“MaryLou. The Last Supper.” My sister pointed out a traditional print hanging on the wall near the table in a private home in Merida Mexico where she and I we were participating in a cooking class. I immediately took a photo of the print. My sister knows I collect photos of artworks depicting the Biblical Last Supper Jesus shared with his disciples. I have found interesting versions in all kinds of places.I found this one in the city museum in Sydney Australia in 2010. It was created by aboriginal artist Linda Syddick. The U shapes at the bottom represent the twelve disciples. The one for Judas who betrayed Jesus stands out from the rest since it is a different color and facing a different way. Jesus is serving the disciples billy tea instead of wine and damper a kind of Australian soda bread. I photographed this Last Supper made out of sand in Sedona Arizona on a family visit there in 1990.Steffi Lee one of my grade five students in Hong Kong in 2004 made this version of Da Vinci’s Last Supper for a project I assigned when we were doing a unit on the Renaissance in our social studies class. I found this wooden engraved one in a Catholic Church in Tamarindo Costa Rica.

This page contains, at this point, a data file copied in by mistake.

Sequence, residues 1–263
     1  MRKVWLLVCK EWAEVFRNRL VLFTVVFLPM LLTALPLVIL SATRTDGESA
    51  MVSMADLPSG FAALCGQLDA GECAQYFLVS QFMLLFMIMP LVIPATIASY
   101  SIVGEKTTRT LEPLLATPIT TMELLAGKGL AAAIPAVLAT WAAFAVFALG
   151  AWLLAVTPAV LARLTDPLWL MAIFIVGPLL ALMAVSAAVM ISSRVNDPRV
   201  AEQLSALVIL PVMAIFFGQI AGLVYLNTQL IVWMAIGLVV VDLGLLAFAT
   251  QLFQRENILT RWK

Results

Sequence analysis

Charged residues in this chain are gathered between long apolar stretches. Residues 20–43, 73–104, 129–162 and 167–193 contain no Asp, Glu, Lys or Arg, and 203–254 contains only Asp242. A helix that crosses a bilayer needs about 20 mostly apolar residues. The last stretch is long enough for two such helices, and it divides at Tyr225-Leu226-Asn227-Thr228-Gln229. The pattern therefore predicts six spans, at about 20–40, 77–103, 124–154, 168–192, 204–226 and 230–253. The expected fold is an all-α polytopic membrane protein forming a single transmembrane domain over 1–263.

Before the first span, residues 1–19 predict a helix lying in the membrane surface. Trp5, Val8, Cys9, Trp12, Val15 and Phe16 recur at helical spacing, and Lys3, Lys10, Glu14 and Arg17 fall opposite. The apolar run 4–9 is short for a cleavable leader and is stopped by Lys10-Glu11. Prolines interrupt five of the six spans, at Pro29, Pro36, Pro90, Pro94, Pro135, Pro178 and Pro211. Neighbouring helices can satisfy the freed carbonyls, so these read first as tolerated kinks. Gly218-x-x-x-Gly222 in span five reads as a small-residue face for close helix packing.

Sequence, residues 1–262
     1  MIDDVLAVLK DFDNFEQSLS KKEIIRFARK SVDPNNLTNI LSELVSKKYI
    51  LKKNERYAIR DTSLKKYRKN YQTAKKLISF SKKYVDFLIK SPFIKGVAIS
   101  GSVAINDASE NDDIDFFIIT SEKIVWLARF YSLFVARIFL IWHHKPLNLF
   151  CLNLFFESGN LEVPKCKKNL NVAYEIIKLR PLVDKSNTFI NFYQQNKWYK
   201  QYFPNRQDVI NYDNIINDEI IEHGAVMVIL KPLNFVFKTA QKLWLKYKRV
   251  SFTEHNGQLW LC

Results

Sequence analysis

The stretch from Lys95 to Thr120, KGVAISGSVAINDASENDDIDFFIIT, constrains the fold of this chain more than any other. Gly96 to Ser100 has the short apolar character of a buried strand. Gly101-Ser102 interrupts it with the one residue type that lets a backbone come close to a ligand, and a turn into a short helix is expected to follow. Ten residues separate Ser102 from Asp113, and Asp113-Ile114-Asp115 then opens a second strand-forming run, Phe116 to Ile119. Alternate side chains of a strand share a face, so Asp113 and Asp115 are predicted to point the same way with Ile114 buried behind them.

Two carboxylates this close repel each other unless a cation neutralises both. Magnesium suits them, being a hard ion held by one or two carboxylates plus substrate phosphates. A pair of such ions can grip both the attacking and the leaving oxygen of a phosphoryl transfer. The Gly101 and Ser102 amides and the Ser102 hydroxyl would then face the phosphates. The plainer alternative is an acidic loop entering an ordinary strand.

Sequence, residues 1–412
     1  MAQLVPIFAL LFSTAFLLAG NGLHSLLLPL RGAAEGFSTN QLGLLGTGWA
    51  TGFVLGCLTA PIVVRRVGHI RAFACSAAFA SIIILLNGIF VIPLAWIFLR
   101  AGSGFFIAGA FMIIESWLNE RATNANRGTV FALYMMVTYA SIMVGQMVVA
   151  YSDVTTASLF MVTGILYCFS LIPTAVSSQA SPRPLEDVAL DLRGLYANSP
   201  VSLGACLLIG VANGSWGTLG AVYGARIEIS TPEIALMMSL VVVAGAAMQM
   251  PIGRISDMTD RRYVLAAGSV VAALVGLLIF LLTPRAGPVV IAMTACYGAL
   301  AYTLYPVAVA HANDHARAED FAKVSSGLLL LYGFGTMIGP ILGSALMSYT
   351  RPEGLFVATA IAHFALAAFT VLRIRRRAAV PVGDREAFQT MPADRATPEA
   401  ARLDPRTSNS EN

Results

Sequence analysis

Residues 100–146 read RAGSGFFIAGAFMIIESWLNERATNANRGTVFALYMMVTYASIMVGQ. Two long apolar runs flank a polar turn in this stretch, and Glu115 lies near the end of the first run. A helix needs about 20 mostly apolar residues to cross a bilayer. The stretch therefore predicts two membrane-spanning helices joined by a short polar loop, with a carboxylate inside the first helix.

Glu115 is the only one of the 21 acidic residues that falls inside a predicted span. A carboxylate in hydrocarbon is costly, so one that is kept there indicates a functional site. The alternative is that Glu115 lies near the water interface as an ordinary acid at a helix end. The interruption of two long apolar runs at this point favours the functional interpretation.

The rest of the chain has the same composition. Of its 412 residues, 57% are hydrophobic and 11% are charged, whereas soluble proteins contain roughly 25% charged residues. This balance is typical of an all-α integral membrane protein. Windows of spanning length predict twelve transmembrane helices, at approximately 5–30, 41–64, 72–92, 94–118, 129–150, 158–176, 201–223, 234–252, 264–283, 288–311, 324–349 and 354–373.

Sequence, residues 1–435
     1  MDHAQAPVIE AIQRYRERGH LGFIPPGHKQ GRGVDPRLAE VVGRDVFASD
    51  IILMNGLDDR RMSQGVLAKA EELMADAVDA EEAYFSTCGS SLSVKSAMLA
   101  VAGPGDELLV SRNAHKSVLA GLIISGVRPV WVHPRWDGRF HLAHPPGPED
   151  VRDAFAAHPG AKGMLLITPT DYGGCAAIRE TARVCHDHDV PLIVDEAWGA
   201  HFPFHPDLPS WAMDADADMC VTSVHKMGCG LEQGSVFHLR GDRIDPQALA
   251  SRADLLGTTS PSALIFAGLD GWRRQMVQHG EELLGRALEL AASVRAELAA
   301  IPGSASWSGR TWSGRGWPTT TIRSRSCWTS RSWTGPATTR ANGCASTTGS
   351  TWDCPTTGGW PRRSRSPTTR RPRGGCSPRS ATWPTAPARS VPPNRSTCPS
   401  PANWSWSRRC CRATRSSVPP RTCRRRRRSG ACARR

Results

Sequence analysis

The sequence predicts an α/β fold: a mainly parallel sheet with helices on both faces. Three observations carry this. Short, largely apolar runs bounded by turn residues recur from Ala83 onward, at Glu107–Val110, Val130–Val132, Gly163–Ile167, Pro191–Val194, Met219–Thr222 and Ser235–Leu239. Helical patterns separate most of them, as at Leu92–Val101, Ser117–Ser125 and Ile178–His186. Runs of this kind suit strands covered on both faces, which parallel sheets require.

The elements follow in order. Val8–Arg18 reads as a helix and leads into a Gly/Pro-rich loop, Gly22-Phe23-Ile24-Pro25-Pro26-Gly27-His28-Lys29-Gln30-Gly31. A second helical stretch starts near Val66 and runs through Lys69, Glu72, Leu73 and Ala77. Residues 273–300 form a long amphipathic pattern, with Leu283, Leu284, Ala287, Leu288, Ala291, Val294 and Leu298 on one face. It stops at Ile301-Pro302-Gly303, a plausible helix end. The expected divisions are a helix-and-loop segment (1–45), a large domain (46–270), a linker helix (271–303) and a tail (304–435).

Parfleches for the Last Supper is a series of twelve artworks by Robert Houle that is part of the collection of the Winnipeg Art Gallery. Houle has designed a traditional parfleche (a bag for sacred objects) for Jesus and each of the twelve disciples who were present at the Last Supper. Note the black one for Judas and the white one for John in the bottom row.I photographed this colourful wool tapestry version of the last supper at the front of a small church on Waya Island in Fiji where we attended services one Sunday morning in 2011. I saw this copper version of the Last Supper by Albert Gilles on a visit to a gallery in Quebec City in 2015. This one was discovered on the wall of a noodle shop in Kyoto Japan. Jesus and his disciples are enjoying some ramen noodles.